Hot Docs 2012: Symbiopsychotaxiplasm: Take One

If you're not sure exactly what's happening at the beginning of Symbiopsychotaxiplasm, don't worry. You're not alone. Not even the crew making the movie has any idea. In the film's opening scenes, they kind of just mill about in Central Park as their director — pioneer documentarian and NFB alum William Greaves, who shot the movie in 1968 — gives them vague instructions. As the actors deliver clunky, melodramatic lines, one camera will film them, and another will film them and the person filming them, and another one will film them and the person filming them and the person filming the person filming them. Or something. When a cop stops and asks what kind of film they're making, the best Greaves can do is to suggest, ""It's a feature length we-don't-know."

Before long, the crew are in revolt, meeting to figure out just what exactly is going on and whether Greaves has any clue what he's doing. That's when things finally start to make some sense: the documentary is about making the documentary, a surprisingly entertaining experiment that opens up questions not just about filmmaking and art, but race, gender relations, the Heisenberg Uncertainty Principle, fiction, reality and the politics of the late-'60s.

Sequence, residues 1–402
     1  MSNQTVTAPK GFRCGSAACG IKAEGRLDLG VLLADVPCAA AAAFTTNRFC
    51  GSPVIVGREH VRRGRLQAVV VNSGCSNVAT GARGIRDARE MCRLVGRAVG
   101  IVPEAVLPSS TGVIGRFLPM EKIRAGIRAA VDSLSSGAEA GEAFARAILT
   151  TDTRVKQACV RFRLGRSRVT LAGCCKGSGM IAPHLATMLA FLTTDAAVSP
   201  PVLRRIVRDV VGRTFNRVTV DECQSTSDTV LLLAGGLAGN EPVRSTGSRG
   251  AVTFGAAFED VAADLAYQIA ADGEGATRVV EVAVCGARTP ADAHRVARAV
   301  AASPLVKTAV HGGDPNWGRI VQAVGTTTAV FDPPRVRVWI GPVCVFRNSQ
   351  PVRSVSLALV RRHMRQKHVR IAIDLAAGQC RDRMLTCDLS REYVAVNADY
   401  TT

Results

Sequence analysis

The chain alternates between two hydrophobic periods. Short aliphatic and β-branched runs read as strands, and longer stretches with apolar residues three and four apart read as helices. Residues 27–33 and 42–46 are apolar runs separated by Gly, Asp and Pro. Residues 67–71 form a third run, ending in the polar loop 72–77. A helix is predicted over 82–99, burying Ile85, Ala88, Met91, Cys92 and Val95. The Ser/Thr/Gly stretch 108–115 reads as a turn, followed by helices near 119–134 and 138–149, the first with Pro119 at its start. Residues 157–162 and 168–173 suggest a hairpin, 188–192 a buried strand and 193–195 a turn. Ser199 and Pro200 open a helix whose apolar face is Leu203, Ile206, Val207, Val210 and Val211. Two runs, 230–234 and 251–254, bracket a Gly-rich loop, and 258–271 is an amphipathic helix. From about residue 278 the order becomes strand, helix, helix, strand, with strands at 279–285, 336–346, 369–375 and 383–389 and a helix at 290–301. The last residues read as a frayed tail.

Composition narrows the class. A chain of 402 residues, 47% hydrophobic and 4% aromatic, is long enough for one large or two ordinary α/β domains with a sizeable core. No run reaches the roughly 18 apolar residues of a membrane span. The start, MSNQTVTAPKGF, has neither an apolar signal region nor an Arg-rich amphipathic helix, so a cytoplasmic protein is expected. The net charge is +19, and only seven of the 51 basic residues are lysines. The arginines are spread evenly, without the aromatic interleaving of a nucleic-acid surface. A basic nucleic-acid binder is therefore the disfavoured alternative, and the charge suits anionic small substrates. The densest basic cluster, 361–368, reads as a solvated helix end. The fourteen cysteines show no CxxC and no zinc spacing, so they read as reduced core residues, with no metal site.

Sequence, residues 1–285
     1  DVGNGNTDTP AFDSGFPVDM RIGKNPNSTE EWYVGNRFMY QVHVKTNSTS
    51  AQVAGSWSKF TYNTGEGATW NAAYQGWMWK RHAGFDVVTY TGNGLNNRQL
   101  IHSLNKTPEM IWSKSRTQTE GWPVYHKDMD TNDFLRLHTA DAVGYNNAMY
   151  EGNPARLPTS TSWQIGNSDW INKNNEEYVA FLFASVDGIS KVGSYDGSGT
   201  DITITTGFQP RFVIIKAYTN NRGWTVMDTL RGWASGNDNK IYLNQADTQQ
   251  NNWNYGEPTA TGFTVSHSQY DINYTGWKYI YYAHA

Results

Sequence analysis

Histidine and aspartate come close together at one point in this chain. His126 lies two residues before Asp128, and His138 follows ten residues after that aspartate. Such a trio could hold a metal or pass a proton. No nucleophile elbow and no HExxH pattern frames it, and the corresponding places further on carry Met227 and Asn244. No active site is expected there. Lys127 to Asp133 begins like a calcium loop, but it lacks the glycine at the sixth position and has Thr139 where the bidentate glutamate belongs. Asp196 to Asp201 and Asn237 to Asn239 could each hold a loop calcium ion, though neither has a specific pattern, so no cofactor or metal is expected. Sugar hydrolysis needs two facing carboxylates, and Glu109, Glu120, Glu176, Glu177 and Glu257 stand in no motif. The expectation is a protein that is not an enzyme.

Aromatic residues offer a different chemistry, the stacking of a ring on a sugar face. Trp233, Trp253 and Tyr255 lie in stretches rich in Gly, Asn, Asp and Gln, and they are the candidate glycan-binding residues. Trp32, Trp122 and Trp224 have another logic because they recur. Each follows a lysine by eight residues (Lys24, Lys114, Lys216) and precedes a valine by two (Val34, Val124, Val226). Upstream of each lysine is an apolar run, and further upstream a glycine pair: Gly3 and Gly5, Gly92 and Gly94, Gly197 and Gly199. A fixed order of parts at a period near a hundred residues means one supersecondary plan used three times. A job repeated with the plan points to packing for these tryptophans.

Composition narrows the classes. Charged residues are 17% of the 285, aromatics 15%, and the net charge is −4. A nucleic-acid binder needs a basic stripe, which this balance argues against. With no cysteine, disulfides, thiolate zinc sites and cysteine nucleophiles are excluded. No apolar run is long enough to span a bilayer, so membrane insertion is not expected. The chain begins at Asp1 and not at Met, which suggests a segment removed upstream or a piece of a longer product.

When it was first released, though, no one much noticed Symbiopscyhotaxiplasm. It failed to get distribution, pretty much forgotten except for a tiny cult following. That is, until Steve Buscemi happened to catch a screening of it at Sundance in 1993. He showed it to Steven Soderbergh, who called it "one of the most amazing things I'd ever seen". The two worked together with Greaves to get the film re-released and a sequel made. Now, it's available on DVD from Criterion. And it's screening at Hot Docs on Friday night as part of their "Documentary Plays Itself" series.

- Adam Bunch
 Symbiopsychotaxiplasm: Take One is playing Friday May 4 at 7pm at Innis Town Hall. Tickets 'n' stuff here.

Find all of our coverage of Hot Docs 2012 here. 

Adam Bunch is the Editor-in-Chief of the Little Red Umbrella and the creator of the Toronto Dreams Project. You can read his posts here, follow him on Twitter here, or email him at


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